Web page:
Licia Albanese, an opera singer whose Puccini and Verdi interpretations came to symbolize for a generation the sound of an Italian soprano, died on Friday in New York City. She was 105.
Her death was announced Saturday by her priest, the Rev. John Kamas.
Gifted with an ample voice and superb diction (if occasionally imprecise pitch), Albanese had a notably lengthy career. She was one of the Metropolitan Opera’s most admired singers in the postwar era, from her debut in 1940 as the doomed geisha in Puccini’s Madama Butterfly to her retirement in 1966. During that period she sang more than 400 performances at the Met while also becoming a mainstay at San Francisco Opera.
Albanese made numerous recordings for RCA Victor and starred opposite leading men including Robert Merrill, Beniamino Gigli and Jussi Bjorling.
Born in Bari, Italy in 1909, Albanese made her operatic debut as Butterfly in 1934, in the often-ferocious opera town of Parma. She appeared against the advice of the conductor, Antonino Votto, who thought she was too young for the part. Soon, however, the young soprano found herself engaged all over Italy and eventually, at Covent Garden in London.
When World War II broke out, most Italian singers were afraid to come to New York. Albanese, aware of her growing reputation abroad, decided to risk it. After her Met debut in Butterfly, Cio-Cio San soon became her signature role. She sang it more than 300 times, 72 of them at the Met. Although she was promised a complete Butterfly when she signed with RCA Victor in 1941, it never materialized; however, the Met Opera Guild did release a 1946 broadcast recording.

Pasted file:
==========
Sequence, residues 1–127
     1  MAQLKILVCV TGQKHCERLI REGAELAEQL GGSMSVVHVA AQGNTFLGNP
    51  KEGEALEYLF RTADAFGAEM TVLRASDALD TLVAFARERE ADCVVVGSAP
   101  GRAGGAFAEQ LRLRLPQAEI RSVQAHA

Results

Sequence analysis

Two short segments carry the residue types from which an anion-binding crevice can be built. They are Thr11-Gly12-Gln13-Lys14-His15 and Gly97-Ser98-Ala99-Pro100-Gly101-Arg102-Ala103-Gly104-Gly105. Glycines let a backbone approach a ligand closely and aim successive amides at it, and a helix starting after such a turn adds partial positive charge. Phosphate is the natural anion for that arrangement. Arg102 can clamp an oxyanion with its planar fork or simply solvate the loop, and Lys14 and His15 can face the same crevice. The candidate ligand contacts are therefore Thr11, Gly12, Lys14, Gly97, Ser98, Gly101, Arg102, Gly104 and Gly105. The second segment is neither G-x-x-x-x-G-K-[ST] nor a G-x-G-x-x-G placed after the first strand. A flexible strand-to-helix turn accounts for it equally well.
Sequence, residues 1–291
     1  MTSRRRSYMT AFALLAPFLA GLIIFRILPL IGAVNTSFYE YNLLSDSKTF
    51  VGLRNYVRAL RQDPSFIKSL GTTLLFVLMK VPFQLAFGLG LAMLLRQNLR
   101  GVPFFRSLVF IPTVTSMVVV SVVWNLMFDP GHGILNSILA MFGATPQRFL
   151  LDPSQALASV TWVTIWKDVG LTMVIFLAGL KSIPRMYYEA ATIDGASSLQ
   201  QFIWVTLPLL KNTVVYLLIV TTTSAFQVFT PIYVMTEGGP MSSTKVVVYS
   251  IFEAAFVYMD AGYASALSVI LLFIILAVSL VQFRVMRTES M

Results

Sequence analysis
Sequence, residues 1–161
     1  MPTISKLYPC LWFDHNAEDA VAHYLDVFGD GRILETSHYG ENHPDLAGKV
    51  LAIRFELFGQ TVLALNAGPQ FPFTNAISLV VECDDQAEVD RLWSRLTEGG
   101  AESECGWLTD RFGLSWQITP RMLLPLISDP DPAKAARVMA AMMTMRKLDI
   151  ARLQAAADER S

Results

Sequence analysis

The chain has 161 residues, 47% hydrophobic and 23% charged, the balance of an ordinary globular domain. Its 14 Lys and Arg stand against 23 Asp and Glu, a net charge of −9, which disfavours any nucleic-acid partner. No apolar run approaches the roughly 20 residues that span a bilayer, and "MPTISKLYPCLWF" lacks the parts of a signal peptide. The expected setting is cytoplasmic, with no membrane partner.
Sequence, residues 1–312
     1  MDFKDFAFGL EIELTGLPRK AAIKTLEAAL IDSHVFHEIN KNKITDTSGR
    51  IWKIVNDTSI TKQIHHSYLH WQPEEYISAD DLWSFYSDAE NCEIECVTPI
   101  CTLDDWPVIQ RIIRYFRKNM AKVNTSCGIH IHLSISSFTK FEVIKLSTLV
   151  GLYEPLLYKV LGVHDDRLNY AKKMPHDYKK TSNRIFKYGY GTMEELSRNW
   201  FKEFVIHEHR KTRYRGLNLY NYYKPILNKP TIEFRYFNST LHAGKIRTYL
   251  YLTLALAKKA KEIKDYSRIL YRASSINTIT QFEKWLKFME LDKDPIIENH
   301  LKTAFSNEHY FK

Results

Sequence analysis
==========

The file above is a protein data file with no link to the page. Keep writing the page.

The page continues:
During her career, Albanese took on some French roles (Manon, Marguerite and Micaela), as well as the occasional Mozart (first Susanna, later the Countess in Figaro), but it was in Verdi and especially Puccini with which she made her mark. Among her credits from the 1940s were historic radio broadcasts with the NBC Symphony and Arturo Toscanini, in the leading roles of La Boheme and La Traviata.
Unlike some opera singers of her generation, Albanese wasn’t given to public feuds or rivalries with other artists. But like most of the great sopranos, she did find herself on the wrong side of Met general manager Rudolph Bing on more than one occasion: early on, she staunchly defended the crossover tenor Mario Lanza at a time when his star was falling with the serious opera establishment. Worried that he was throwing his career away, she became something of a mother figure to Lanza when others were keeping their distance.
After her retirement, Albanese became chairwoman of the Licia Albanese-Puccini Foundation, which awards scholarships to young singers. She also taught master classes at Juilliard and Marymount Manhattan College. She lived out her later years in a Park Avenue apartment filled with religious items that reflect her devout Roman Catholicism.
“She was peaceful, radiant and beautifully youthful at the moment of her death at 105 years,” said Kamas, her priest, who noted that she died on the Feast of Our Lady's Assumption, a Catholic holiday.
Albanese’s portrayal of the wayward heroine of Manon Lescaut earned particular critical praise. Of the fabled death scene, she once recalled: "The best note is the last breath. All you hear is that breath when I die. You breathe and then you die. Now if you see 'Manon,' if they don't breathe, how do you know they're dead?"